BioMarin Updates Data from Ongoing Phase 1/2 Study of Experimental Hemophilia A Gene Therapy
June 1, 2020
Rare Daily Staff
BioMarin Pharmaceutical updated its previously reported results of an open-label phase 1/2 study of valoctocogene roxaparvovec, its experimental gene therapy treatment for adults with severe hemophilia A saying all study participants remain off prophylactic therapy after a single dose.
Though factor VIII activity levels declined with the most recent years’ observations, the company said they remain in a range to prevent spontaneous bleeding events.
The data have been submitted as a late-breaking abstract to the World Federation of Hemophilia Virtual Summit to be held June 14 to 19.
People living with hemophilia A lack sufficient functioning factor VIII protein to help their blood clot and are at risk for painful and/or potentially life-threatening bleeds from even modest injuries. People with the most severe form of hemophilia A, who make up approximately half of the hemophilia A population, often experience painful, spontaneous bleeds into their muscles or joints. Individuals with the most severe form of hemophilia A. The standard of care for individuals with severe hemophilia A is a prophylactic regimen of replacement factor VIII infusions administered intravenously up to two to three times per week or 100 to 150 infusions per year. Despite these regimens, many people continue to experience breakthrough bleeds, resulting in progressive and debilitating joint damage, which can have a major impact on their quality of life.
Valoctocogene roxaparvovec is an AAV-factor VIII gene therapy designed to restore adequate levels of factor VIII for normal clotting. The therapy is being developed as a one-time treatment for adults with severe hemophilia A and could eliminate the need for ongoing factor VIII treatments.
The updated results show cumulative mean annualized bleed rates (ABR) remain less than one in both of two dosing cohorts and below pre-treatment baseline levels. The mean ABR in year four for the 6e13 vg/kg cohort was 1.3, and the mean ABR in year three for the 4e13 vg/kg cohort was 0.5.
Over the past year, six of the seven participants in the 6e13 vg/kg cohort and five of the six participants in the 4e13 vg/kg cohort remain free of spontaneous bleeds. Factor VIII activity levels declined commensurate with the most recent years’ observations and remain in a range to prevent spontaneous bleeding events.
“This additional data is an important step toward a potential first treatment of its kind for this devastating disease,” said John Pasi, professor at Barts and the London School of Medicine and Dentistry and chief investigator for the valoctocogene roxaparvovec phase 1/2 study, and a principal investigator for the phase 3 study. “Each year of data increases our knowledge of safety and efficacy and contributes to the growing body of scientific data on gene therapies in general and hemophilia A in particular.”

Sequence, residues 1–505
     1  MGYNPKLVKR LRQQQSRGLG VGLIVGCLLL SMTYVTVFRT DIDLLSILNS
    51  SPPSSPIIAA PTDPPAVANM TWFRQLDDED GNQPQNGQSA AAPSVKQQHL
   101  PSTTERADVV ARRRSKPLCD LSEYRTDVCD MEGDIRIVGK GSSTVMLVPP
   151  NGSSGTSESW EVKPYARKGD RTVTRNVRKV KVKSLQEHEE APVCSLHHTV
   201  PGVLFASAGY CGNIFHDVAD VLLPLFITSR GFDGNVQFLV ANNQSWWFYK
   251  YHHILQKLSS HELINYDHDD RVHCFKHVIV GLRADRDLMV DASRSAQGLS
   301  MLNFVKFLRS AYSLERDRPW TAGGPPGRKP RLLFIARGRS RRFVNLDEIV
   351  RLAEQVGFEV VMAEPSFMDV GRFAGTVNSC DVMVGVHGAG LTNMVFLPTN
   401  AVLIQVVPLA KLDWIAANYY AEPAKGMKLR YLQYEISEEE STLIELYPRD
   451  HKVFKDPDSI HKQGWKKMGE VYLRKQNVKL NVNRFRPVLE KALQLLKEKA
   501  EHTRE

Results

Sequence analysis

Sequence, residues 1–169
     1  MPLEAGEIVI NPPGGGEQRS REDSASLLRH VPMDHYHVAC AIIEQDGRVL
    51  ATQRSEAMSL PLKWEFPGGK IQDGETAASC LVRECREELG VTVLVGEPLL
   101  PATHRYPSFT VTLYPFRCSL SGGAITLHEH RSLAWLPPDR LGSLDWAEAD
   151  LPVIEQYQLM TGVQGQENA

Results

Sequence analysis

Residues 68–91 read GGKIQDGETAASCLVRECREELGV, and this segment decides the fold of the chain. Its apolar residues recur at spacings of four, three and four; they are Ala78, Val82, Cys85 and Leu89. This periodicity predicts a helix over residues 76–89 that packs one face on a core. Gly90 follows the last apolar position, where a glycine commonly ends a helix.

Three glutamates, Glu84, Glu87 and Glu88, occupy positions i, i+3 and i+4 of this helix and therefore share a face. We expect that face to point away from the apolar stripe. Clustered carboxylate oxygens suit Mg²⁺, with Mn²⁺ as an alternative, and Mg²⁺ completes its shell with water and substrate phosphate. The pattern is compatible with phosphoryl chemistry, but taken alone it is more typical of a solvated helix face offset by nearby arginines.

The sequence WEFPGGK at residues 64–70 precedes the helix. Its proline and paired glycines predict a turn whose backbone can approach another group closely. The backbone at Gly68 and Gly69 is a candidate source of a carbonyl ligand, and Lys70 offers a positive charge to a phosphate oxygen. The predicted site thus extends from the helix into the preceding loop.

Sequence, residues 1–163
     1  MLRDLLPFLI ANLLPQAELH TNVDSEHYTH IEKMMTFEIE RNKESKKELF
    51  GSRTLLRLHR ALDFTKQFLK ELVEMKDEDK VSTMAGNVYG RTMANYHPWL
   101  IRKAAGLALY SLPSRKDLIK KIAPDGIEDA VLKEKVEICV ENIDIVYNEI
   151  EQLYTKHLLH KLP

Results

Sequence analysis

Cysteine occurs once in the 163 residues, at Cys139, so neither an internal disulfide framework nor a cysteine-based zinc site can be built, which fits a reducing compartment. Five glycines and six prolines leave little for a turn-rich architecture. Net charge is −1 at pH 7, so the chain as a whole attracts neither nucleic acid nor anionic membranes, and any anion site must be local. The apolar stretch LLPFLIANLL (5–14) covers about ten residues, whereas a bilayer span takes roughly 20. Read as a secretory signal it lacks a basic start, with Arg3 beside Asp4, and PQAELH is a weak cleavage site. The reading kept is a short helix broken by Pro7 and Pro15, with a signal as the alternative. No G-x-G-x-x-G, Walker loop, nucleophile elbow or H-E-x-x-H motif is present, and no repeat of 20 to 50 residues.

Overall, the safety profile of valoctocogene roxaparvovec remains consistent with previously reported data with no delayed-onset treatment related events. No participants developed inhibitors to factor VIII, and no participants withdrew from the study. No participants have developed thrombotic events. The most common adverse events associated with valoctocogene roxaparvovec occurred early and included transient infusion-associated reactions and transient, asymptomatic, and mild to moderate rise in the levels of certain proteins and enzymes measured in liver function tests with no long-lasting clinical sequelae.
The U.S. Food and Drug Administration is reviewing the biologics license application for valoctocogene roxaparvovec under Priority Review with a decision expected by August 21, 2020. The FDA also granted valoctocogene roxaparvovec Breakthrough Therapy designation.
The European Medicines Agency validated the company’s Marketing Authorization Application for valoctocogene roxaparvovec, which has been in review under accelerated assessment since January. Recognizing valoctocogene roxaparvovec for its potential to benefit patients with unmet medical needs, the EMA granted access to its Priority Medicines (PRIME) regulatory initiative. The company expects the review procedure to be extended by at least three months due to COVID-19 delays. The company also believes there is a high possibility that the MAA will revert to the standard review procedure, as is the case with most filings that initially receive accelerated assessment. Because of the combination of these events, BioMarin said it expects an opinion from the Committee for Medicinal Products for Human Use in late 2020 or early 2021.
“In just over four years since starting clinical trials in patients, we’ve submitted applications for marketing authorizations globally, and we continue to contribute to the growing body of scientific data in gene therapy for hemophilia A with five studies underway,” said Hank Fuchs, president of Worldwide Research and Development at BioMarin. “We continue to move forward with health authorities to make this treatment available for people with severe hemophilia A.”
Photo: Hank Fuchs, president of Worldwide Research and Development at BioMarin
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